In some situations, estranged married couples may decide to opt for a legal separation in lieu of a divorce. Although Texas is one of a handful of states that don't officially recognize legal separation, it can be accomplished by using other laws.
A divorce in Texas has three parts: a suit affecting the parent-child relationship (also called a SAPCR), a community-property division case and a petition to terminate the marriage. For a legal separation, a couple must file an SAPCR and a community property-division case without the third element. The court issues temporary orders for these cases, and if a couple eventually wants to divorce, they must re-file them along with the petition to terminate the marriage.
Couples who are legally separated still qualify as being married, with a number of ramifications. The first is that they are able to keep filing joint federal (and state, in states with an income tax) tax returns.
Secondly, remaining married can allow one spouse to stay on the other's health insurance obtained through employment, as many such policies continue coverage for separated spouses, but terminate coverage in the event of divorce. It may be necessary to read the details of the health insurance policy to determine whether this is true in a particular case.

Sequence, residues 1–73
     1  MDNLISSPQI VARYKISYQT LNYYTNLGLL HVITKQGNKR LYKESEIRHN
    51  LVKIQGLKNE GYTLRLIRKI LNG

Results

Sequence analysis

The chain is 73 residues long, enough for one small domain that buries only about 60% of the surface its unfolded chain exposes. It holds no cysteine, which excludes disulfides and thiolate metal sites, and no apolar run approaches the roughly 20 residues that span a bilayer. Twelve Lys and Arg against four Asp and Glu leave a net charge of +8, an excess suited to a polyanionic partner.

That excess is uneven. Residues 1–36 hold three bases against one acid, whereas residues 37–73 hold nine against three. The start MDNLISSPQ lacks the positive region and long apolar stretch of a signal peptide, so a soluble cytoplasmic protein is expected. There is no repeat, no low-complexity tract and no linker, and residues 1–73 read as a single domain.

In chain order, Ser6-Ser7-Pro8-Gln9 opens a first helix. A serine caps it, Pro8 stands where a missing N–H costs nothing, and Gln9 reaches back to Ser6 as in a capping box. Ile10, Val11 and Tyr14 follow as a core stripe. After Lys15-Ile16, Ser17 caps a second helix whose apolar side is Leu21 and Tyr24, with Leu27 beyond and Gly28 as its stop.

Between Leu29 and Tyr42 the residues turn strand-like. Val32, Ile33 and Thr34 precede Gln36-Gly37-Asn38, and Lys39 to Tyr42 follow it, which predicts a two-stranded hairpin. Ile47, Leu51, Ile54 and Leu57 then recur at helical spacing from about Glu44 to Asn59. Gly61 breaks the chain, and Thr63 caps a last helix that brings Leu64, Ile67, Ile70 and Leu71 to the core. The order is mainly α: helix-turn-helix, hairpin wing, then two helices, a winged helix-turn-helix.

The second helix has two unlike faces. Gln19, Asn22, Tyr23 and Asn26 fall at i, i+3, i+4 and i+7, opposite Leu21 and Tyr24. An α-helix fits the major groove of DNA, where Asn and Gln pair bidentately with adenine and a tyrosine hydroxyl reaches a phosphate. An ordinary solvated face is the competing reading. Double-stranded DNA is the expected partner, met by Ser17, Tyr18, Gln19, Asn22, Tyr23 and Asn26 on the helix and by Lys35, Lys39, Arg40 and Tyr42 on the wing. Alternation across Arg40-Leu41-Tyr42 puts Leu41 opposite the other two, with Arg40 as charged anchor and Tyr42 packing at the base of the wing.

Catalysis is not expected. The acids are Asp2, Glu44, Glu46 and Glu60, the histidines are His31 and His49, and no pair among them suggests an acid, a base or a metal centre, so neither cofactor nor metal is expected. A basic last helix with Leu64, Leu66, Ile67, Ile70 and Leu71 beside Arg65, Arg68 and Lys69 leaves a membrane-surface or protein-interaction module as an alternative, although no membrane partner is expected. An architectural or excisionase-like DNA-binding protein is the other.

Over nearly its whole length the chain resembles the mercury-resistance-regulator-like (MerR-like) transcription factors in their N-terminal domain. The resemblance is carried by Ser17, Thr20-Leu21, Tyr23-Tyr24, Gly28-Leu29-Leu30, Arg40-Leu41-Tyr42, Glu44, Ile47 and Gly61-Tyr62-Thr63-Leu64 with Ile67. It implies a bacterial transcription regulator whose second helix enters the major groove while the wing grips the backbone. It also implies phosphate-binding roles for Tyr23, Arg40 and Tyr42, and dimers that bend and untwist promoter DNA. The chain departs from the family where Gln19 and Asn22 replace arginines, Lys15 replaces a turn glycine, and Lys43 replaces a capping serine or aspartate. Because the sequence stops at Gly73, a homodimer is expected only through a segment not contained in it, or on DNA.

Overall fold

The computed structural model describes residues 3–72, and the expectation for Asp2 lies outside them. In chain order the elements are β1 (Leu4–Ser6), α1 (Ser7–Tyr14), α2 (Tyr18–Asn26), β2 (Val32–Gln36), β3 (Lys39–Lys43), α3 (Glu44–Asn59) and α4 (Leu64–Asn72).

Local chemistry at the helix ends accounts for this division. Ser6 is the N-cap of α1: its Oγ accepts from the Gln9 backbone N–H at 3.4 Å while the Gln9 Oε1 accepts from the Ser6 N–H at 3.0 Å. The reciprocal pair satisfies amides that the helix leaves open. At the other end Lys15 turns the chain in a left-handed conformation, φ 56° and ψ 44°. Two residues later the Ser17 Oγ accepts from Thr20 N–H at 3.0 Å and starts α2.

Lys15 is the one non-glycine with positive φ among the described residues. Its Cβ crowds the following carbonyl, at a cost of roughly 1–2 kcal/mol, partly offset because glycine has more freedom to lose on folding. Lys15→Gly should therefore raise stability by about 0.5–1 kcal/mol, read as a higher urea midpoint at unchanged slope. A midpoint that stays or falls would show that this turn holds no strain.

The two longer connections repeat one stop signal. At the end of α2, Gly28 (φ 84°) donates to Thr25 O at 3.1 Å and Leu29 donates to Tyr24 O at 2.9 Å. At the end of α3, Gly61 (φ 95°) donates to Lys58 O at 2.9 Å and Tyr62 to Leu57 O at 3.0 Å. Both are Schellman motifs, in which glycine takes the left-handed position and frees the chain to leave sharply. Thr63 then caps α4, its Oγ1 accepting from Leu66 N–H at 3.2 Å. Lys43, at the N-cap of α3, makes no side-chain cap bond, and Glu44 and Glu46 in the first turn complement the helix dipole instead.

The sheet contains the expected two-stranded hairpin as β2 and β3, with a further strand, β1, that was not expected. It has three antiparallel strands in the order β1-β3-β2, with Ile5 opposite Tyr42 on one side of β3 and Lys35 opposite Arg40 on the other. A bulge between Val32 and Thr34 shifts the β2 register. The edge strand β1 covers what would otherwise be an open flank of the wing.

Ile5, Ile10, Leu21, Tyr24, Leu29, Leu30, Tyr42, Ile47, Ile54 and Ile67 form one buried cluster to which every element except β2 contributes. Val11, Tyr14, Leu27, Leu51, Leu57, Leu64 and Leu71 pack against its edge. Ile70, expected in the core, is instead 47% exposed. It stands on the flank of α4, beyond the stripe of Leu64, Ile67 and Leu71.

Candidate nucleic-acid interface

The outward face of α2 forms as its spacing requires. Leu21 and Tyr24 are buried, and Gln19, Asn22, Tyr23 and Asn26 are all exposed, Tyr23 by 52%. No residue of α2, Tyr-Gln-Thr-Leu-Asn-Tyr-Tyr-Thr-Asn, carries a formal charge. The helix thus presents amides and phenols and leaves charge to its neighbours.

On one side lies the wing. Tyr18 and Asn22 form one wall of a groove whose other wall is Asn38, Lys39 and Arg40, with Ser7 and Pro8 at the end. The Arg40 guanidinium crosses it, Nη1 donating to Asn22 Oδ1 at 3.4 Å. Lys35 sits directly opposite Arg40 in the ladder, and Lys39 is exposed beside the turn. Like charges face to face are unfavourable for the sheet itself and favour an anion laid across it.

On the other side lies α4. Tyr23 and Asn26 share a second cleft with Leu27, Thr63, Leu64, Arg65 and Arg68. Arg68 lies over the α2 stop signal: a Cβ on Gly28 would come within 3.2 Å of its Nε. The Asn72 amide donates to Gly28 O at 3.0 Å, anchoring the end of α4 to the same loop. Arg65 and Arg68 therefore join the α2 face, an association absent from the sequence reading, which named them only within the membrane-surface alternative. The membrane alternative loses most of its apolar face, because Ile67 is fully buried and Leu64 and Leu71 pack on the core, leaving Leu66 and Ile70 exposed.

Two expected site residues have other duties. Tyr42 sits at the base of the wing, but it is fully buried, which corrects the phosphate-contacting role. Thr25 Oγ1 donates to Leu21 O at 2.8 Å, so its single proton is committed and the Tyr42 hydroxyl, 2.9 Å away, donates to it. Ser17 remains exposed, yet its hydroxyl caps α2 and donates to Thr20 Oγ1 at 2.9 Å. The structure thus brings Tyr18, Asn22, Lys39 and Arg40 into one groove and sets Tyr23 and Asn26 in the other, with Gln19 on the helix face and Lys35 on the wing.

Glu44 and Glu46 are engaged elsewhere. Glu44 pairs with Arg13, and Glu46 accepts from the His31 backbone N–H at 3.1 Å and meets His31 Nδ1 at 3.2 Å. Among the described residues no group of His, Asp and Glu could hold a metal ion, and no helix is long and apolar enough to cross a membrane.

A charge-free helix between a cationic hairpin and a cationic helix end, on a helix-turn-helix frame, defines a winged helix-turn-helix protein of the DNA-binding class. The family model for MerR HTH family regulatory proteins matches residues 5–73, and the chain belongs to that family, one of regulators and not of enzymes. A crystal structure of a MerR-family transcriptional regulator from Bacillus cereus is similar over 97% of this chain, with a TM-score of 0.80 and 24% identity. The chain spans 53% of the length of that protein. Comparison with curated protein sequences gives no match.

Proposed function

A spouse who has been married for a minimum time period of 10 years is often able to qualify for enhanced Social Security benefits, which, in some instances has motivated a couple to become legally separated for a period of time before obtaining a divorce.
For some couples with strong religious beliefs, a legal separation may be preferred over a divorce, particularly if the religion absolutely forbids it. In some instances, a married couple may decide that they are not done loving each other, but simply prefer not to live in the same household for various reasons, and therefore a legal separation is the appropriate choice.
In any event, it is essential to consult with a family law attorney to know how either a separation or divorce will affect such issues as division of property, child support and custody, visitation, and maintenance.
Source: Reuters, "3 Reasons to Get a Separation Instead of a Divorce," Andrew Chow, March 1, 2012